Thousands of desperate Afghan citizens have rushed to Kabul’s airport in frantic attempts to escape the city after the Taliban took control of the city.
As videos circulated online of Taliban militants inside the Presidential Palace following a week-long rapid offensive across Afghanistan, scores of Afghans crowded the tarmac at Hamid Karzai International Airport to try and escape the country.
At least five people were killed at Kabul airport, Reuters reported, as Afghans tried to flee the country before the Taliban establishes a government.
In chaotic scenes, panicked civilians sprinted towards grounded civilian plane; one Turkish Airlines flight to Istanbul was reportedly stopped from departing.
Latest pictures from Kabul Airport. People are on their own now while the world watches in silence. Only sane advise to Afghan people…RUN pic.twitter.com/RQGw28jFYx— Sudhir Chaudhary (@sudhirchaudhary) August 16, 2021
Insane. Don’t have any other words.— Ragıp Soylu (@ragipsoylu) August 16, 2021
The Kabul Airport.
Defence Secretary Ben Wallace has admitted “some people won’t get back” from Afghanistan as a desperate struggle to get UK nationals and local allies out of the country continued.
Wallace, who previously served in the Scots Guards, appeared to choke up while appearing on the LBC radio station on Monday morning as he spoke about the evacuation effort from the country, which has fallen to the Taliban following the withdrawal of Western troops.
British troops are racing against the clock to get remaining UK nationals and their local allies out of Afghanistan following the dramatic fall of the country’s Western-backed government.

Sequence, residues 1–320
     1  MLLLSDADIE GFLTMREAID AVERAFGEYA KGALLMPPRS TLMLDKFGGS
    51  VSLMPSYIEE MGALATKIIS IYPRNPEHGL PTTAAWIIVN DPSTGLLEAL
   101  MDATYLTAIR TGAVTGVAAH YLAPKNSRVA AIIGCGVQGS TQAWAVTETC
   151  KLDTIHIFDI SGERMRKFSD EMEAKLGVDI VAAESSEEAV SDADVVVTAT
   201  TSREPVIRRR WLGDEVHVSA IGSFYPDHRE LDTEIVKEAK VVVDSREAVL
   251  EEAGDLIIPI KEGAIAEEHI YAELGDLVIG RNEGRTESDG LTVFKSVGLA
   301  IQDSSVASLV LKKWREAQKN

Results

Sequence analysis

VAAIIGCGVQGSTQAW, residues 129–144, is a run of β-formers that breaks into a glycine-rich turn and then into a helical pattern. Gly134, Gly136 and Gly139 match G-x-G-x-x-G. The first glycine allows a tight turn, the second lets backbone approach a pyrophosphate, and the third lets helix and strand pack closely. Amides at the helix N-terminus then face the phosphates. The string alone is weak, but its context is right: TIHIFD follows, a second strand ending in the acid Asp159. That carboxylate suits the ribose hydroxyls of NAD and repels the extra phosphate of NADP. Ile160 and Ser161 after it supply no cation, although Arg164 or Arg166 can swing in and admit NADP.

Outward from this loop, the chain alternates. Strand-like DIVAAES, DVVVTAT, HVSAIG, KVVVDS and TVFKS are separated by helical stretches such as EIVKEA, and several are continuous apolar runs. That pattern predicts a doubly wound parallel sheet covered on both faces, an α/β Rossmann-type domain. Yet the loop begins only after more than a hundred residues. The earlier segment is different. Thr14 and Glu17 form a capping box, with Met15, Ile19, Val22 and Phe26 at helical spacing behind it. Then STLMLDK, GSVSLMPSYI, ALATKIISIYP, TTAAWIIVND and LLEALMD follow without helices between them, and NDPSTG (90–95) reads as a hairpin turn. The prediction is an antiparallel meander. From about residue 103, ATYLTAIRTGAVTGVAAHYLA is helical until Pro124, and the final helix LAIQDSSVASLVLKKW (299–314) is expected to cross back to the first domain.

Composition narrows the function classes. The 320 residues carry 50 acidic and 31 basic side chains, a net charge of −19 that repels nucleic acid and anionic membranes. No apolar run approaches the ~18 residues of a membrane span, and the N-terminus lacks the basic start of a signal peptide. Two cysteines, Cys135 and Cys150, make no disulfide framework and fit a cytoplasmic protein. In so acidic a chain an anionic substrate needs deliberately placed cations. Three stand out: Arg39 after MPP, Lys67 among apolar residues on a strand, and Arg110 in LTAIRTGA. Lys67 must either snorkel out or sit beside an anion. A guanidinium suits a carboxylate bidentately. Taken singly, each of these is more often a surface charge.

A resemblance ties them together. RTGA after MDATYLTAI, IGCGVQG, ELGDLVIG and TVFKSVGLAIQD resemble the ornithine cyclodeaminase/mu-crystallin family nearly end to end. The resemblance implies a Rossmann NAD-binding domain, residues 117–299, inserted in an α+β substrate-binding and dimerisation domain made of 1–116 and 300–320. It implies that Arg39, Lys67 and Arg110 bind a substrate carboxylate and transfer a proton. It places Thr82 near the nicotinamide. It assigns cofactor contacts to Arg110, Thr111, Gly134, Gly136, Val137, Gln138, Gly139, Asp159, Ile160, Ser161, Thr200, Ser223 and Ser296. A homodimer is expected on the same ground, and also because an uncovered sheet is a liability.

But becoming emotional while speaking to LBC, Wallace spoke of his regret that “some people won’t get back”.
He said: “It’s a really deep part of regret for me … look, some people won’t get back. Some people won’t get back and we will have to do our best in third countries to process those people.”
Asked why he felt the situation “so personally”, Wallace replied: “Because I’m a soldier… because it’s sad and the West has done what it’s done, we have to do our very best to get people out and stand by our obligations and 20 years of sacrifice is what it is.”
Lead elements of 16 Air Assault Brigade were working with US forces to secure Kabul airport to ensure flights can continue as Afghans and foreigners alike scramble to leave.
Wallace said the barrier to helping more people leave the country was how quickly they could be processed.
He told BBC Breakfast: “Our flights, our planning and coming in and out and soon if we manage to keep it in the way we’re planning to, we should have capacity for over 1,000 people a day to exit to the UK. Currently this is not about capacity on planes, it’s about processing speed, so that’s why we’re trying to fix that.”
Kabul airport, today. pic.twitter.com/N6nc4XZsva— Tajuden Soroush (@TajudenSoroush) August 16, 2021
Wallace said the government was aiming to fly out a further 1,500 people over the next 24 to 36 hours or slightly longer.
Kabul airport has so far not come under attack but there are fears that could change quickly with Taliban insurgents now effectively in control of the capital.